Fox Spirit Books’s anthology Drag Noir is out now and available in both paperback and digital format. And so I’m offering up a little bit of my story, “The Itch Of Iron, The Pull Of The Moon.”
Fey was all-around too sharp, but had found ways to use her sharpness. She solved problems, often, but not always, permanently. It was good work, but if she were an honest Puck, which she tried to be in her way, she was always better at unmaking things, well, to be honest, “breaking” things than making them, which was probably why she lived with her business partner Reynard in the grounds of an abandoned factory. She wasn’t sure what the plant had made, but it probably had something to do with cars. She wasn’t far from Henry Ford’s planned communities and his artificial lake with houses still standing beneath water where long green plants fanned out like mermaids’ hair. She had a hard time paying attention to human commerce, but she loved rusty metal, broken glass and cracked pavement. And she loved the little plants that grew in all the cracks, just like her.
A river ran along the west side of the property and hickory, beech and oak trees grew up the ravine to the asphalt. The forest had been cut down not so long ago, and it was always ready to come back. The owners held on to the property hoping that they could sell it for more than they had paid for it. She watched the lot for the owners and was as trustworthy about it as could be expected. They thought she was a transient, but had no complaints. She rarely saw them. They didn’t like to leave Bloomfield Hills. And so she watched the trees, the broken asphalt and the dented chain link fence. A good deal all around, she would call it.
Fey and Reynard did business in the factory’s old parking lot office almost overtaken by the blackthorn locust, sumac and sassafrass reclaiming the lot. She had an old fashioned wooden filing cabinet, a folding card table, a particle board desk, a few molded wood chairs she found in the factory office, a rotary phone and a disposable cellphone. But she preferred to meet her clients in their homes or at nearby cafes.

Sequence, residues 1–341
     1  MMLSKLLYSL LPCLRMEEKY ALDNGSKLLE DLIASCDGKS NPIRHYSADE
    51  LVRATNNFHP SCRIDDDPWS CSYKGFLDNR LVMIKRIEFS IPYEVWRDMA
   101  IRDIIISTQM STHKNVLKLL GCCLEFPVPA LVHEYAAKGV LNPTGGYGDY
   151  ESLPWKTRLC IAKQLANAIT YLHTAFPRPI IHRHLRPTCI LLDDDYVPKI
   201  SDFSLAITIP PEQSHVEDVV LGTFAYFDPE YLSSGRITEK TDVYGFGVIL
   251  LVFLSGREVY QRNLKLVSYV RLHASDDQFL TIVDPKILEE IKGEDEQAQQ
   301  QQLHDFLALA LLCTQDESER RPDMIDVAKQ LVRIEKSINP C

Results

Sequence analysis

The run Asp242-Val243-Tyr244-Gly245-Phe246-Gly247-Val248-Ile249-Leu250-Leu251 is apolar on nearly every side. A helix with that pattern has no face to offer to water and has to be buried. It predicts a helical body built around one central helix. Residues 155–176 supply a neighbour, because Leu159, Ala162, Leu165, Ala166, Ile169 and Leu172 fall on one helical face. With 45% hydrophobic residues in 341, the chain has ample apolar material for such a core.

Fey was finishing a plate of homefries at Cafe Vert when her client floated in, uncertain as a dandelion seed. He was holding one of her fliers. ‘M. Fey, Unmaker of Problems,’ it read, with her phone number beneath. The fliers only rarely returned to their natural state, sassafrass leaves.
‘Just Fey is fine.’
‘I’m Doug Stokowski. I called you about my problem.’
‘Have a seat, Mr. Stokowski.’
“Doug.” He slid into the booth across from Fey and next to Reynard. Reynard put his ears back, but didn’t protest any further. Instead, he began digging at the table to bury his fritatta. Reynard didn’t like sharing.
‘A cat, huh?’
‘Yeah.’ Reynard was an orange tabby with big feet, strange blue eyes and a broken canine, but people usually saw him as a red-haired man in bespoke suit and tie. Reynard liked to look nice. Fey wondered what Doug saw when he looked at her. A woman with hair like clipped crow feathers and fingers like bundles of twigs because they were clipped crow feathers and bundles of twigs? Fey’s eyes used to be gray green, the color of the ocean she saw on her way to America, but that was a long time ago. Now they were the color of rusty metal. The waitress asked Doug if he wanted anything. Doug asked for a plate of fries with ranch dressing on the side. Fey was nearly finished eating and Reynard was cleaning his face and ears.
‘It’s my favorite. So what’s your problem?’
Doug held out his hand palm up. ‘This is.’
There was a pentagram on his palm.
‘Well, that’s not right,’ she said.
Read the rest in Drag Noir–available now at Amazon.com